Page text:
Robert Sugden has recently elaborated upon the case for a normative standard of freedom as “opportunity” that is supposed to cope with the problem of how to realign normative economics – with its traditional rational choice orientation – with behavioral economics. His approach however lacks psychological substance.
The paper analyzes the political economy of capitalist transformation in nineteenth century Germany. The emergence of capitalism after 1806 gives an example that economic freedom can precede political freedom, leaving the political power of the “dominant coalition” intact. The paper argues that the German capitalist transformation was instigated by competition among the European states. Primarily it was conducive to the monopolization of the coercive power of the state. As a result competition among the states drove a wedge between the interests of the monarch and his supporting dominant coalition (landed gentry). The increasingly independent public administration in Prussia which was influenced by Adam Smith’s liberal ideas organized a political bargain which established economic freedom in various sectors but took the economic interests of the landed gentry into account. In various aspects the sweeping institutional change was Pareto-superior for groups, which made capitalism also acceptable for the elite group.
The paper argues that there are certain parallels between the ideas of ordoliberalism and the framework of limited and open access order (LAO/OAO) as developed by North, Wallis, Webb and Weingast (NWWW): Both approaches focus on the “interdependence of orders”, and both share an emphasis on state capacity in processes of social transition. I also argue that the ideas of the ordoliberals might give impulses for the further development of the LAO/OAO research agenda. Firstly, whereas NWWW mainly deal with the transition process from LAO to OAO, the members of the Freiburg school intensely dealt with the danger that an OAO might revert into an LAO. Accordingly, they spent much effort on developing policy proposals that aimed at preventing such a ‘re-feudalisation’ (Franz Böhm) of society. Secondly, especially when it came to the issue of accomplishing reforms, they also considered the role of informal institutions and beliefs, a topic somewhat neglected in the LAO/OAO-framework in its present form.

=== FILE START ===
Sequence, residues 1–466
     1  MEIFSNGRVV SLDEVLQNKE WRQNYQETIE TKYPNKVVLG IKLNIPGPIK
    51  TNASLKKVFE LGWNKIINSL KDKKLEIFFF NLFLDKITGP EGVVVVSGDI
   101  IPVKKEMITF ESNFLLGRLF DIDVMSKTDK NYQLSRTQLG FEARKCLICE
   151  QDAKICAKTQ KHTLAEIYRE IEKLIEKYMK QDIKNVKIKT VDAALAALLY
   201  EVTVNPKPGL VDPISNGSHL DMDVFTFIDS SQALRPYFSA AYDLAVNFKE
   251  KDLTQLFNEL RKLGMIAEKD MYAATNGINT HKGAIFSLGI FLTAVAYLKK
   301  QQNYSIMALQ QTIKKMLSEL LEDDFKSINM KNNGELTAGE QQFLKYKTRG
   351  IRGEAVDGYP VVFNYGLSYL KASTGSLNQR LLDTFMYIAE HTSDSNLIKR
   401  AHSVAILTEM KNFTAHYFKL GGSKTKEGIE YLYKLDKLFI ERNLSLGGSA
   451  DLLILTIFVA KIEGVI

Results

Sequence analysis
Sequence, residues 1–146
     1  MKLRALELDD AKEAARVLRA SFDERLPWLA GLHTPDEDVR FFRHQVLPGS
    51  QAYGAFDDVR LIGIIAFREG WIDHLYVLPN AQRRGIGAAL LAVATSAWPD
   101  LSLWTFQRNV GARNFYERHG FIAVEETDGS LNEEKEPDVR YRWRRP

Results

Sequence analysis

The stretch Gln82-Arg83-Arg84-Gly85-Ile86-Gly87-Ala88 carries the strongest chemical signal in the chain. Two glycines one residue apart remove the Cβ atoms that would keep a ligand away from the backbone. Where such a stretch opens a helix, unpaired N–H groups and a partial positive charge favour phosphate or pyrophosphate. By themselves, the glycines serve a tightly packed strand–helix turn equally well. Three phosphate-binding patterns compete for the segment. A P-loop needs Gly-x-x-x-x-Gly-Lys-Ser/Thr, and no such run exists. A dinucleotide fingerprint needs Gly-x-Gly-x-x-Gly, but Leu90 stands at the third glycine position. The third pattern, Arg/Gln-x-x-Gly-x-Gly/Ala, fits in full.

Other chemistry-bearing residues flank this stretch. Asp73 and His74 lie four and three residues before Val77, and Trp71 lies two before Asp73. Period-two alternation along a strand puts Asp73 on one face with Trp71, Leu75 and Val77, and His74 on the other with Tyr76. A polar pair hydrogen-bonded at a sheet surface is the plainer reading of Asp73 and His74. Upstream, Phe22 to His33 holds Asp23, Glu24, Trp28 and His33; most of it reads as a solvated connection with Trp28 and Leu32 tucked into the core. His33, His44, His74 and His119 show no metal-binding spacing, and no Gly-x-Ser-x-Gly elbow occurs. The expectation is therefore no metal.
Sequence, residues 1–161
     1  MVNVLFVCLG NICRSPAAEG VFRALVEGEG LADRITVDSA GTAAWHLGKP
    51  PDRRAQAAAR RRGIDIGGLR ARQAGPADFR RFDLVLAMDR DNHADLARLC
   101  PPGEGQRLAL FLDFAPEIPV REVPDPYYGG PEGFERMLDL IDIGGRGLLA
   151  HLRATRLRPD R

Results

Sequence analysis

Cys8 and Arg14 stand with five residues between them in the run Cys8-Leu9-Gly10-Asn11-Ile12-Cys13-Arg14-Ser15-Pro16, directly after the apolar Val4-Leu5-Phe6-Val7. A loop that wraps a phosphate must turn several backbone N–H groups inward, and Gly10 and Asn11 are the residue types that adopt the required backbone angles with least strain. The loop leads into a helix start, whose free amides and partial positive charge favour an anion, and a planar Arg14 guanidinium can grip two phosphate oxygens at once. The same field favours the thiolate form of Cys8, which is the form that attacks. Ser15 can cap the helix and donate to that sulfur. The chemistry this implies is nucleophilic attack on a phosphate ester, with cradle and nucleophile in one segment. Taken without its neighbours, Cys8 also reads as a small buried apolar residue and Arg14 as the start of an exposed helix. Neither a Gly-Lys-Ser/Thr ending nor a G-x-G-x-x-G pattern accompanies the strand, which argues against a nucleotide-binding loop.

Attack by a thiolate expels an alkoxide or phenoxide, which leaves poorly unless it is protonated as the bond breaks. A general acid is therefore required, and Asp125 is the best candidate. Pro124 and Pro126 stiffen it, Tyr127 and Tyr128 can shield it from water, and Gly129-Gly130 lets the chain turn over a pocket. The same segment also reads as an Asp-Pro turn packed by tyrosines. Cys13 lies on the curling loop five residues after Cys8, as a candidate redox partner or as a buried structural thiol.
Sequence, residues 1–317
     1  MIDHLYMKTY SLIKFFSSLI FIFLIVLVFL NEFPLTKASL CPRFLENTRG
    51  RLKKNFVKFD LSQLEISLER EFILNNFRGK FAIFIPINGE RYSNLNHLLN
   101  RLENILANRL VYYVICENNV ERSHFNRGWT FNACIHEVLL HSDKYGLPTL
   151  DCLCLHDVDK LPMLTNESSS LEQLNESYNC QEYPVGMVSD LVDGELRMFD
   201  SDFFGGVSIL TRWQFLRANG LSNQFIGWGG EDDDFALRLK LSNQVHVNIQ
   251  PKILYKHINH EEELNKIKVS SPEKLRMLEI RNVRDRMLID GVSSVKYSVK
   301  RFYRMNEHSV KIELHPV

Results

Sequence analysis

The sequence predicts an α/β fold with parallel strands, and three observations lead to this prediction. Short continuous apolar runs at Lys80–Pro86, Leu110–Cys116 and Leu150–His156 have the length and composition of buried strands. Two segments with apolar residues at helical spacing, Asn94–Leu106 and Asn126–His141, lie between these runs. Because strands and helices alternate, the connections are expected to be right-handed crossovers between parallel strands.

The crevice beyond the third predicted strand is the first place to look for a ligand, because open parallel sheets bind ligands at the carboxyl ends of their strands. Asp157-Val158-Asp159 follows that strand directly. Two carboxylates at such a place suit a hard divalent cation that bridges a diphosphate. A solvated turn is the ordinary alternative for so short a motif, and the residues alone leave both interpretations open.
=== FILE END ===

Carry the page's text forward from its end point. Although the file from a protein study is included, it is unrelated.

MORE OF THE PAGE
In this comment on Martin Binder, Christian Schubert rejects the view that as a general rule, evolutionary economists should be cautious regarding “libertarian paternalism” as a new and highly influential policy approach. All that is needed is a constrained version of it.
Although the concept of soft paternalism succeeded in drawing attention to the importance of behavioral economics and the effects of “soft” policy instruments as default rules for influencing behavior, it is argued in this article that soft paternalism can make only a very limited new contribution to consumer policy. “Soft” policy (governance) instruments and behavioral economics insights can be used without soft paternalism. However, due to its normative vagueness, the concept of soft paternalism cannot offer anything new to the normative justification of paternalism in the case of trade offs with individual liberty, and under what circumstances “soft” policy instruments should be favored compared to hard ones. Therefore a serious normative discussion about paternalism is still missing.